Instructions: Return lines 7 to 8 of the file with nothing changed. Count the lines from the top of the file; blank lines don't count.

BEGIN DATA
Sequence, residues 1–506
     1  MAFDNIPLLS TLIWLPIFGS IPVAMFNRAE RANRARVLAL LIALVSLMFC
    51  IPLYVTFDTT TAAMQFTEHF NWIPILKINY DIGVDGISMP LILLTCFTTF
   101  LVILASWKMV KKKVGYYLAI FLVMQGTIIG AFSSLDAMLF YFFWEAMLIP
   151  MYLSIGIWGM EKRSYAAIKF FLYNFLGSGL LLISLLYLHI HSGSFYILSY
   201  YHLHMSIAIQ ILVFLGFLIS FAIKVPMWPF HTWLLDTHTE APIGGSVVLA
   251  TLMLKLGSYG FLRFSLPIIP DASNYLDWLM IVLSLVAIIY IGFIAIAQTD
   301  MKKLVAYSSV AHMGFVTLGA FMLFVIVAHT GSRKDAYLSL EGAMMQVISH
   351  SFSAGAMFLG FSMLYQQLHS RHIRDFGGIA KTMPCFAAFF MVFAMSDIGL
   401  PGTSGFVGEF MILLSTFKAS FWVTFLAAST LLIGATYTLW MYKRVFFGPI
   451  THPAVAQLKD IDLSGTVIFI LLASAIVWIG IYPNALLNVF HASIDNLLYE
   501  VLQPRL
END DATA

   251  TLMLKLGSYG FLRFSLPIIP DASNYLDWLM IVLSLVAIIY IGFIAIAQTD
   301  MKKLVAYSSV AHMGFVTLGA FMLFVIVAHT GSRKDAYLSL EGAMMQVISH